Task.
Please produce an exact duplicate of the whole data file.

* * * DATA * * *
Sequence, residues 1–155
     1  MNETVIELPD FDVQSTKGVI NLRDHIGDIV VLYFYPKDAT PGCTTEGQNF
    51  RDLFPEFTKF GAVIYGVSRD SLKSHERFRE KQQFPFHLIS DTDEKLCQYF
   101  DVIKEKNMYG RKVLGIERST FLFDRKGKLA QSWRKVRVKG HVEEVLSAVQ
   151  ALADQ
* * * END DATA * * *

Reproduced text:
Sequence, residues 1–155
     1  MNETVIELPD FDVQSTKGVI NLRDHIGDIV VLYFYPKDAT PGCTTEGQNF
    51  RDLFPEFTKF GAVIYGVSRD SLKSHERFRE KQQFPFHLIS DTDEKLCQYF
   101  DVIKEKNMYG RKVLGIERST FLFDRKGKLA QSWRKVRVKG HVEEVLSAVQ
   151  ALADQ